This page will tell you something about the  tricycle conversion.

During the last 100 or so years there have been some tricycles produced with two wheels at the front - a layout sometimes called "tadpole" and sometimes incorrectly called a "Kendrick" after a notable maker in the early 20th century; their lack of success probably owes more to the development of a suitable differential axle and to poorly designed steering than to anything else.  The Newton conversion uses an Ackermann-type steering, just like a car, and, while steering and riding any trike takes a little time to get used to, the steering of the Newton is extremely good and the handling is better than most "conventional" trikes.
Picture of a
      Newton conversion                                              Picture of
      steering layout
The Newton conversion fitted to a gents light touring frame                               Ackermann type steering

There are three main advantages in the "2-front-wheels" layout - firstly, the drive is applied to the centre-line of the machine, which is not the case with many cheaper conventional trikes using single-wheel drive, additionally, any conventional cycle transmission can be used.  The second advantage is in weight distribution, firstly the weight on the driving wheel is increased, giving better traction, and secondly weight transfer when cornering is much easier - if the inside wheel starts to lift on a corner, you simply lean your weight onto the inside handlebar.  A related issue is that if the machine lifts a wheel, it tilts diagonally towards the rear, whereas a conventional trike tilts towards the front - since generally you are going forwards, your momentum makes the conventional machine more likely to overturn.  Finally, the braking is far superior, now using mechanical disc brakes as standard on both front wheels, giving much greater safety - by contrast, many cheaper "conventional" trikes only brake one of their back wheels, some even have 2 brakes fitted to the front wheel and none on the rear!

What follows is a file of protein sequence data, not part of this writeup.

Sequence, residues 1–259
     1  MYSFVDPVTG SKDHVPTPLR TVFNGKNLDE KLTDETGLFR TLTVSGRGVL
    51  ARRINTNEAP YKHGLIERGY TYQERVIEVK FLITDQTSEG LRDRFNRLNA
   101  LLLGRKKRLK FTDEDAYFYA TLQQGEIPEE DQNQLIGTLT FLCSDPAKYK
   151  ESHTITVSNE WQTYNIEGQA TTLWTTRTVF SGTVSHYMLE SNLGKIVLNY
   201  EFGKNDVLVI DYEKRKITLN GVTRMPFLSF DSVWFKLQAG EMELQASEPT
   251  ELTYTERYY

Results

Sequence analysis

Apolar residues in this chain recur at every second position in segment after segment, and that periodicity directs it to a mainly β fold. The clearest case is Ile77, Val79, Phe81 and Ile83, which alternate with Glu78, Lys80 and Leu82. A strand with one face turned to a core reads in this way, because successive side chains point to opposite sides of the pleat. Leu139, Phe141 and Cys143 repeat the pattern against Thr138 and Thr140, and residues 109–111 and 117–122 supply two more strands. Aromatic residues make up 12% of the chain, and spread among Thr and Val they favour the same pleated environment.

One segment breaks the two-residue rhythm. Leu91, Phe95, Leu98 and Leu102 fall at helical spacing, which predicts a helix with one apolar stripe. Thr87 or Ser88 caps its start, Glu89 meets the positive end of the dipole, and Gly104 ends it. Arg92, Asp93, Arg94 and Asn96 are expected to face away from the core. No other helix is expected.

The main tubes of the conversion are high quality cycle tubing from (among others) Reynolds and Columbus, bronze welded.  The conversion is designed to fit a standard frame 21" (53cm) or over in size, and using wheels in the range from 24" to 27", including ATB sizes.  It fits onto the bicycle by removing the complete front fork assembly and attaches by means of a clamp at the head tube and another at the bottom bracket.  The conversion set weighs around 8.7 Kg, whereas a typical front fork, wheel and brake assembly weighs around 3 Kg, so the increase in weight over a standard bike is about 5½ Kg or 12 lbs.  The front wheel track is about 27" (68cm), and the overall width is about 33" (84cm) when travelling in a straight line.  The complete machine can be got through a doorway as narrow as 29" (74cm) by turning the front wheels.  For this conversion, which is also available for aluminium frames, we prefer to have the frame here to ensure a good fit.

We can also offer a permanent conversion welded on to your bike frame, which is neater, stronger and slightly lighter - of course, to do this, we have to have the cycle frame here.  We can't guarantee to match original paint finishes or to preserve original logos on the frame.  We can't offer a welded conversion on aluminum frames.

Delivery should take about 6 weeks from order, but please contact us for the latest situation as there is sometimes a waiting list.  The price in standard form is UK£1400·00.  A tandem version is also available.

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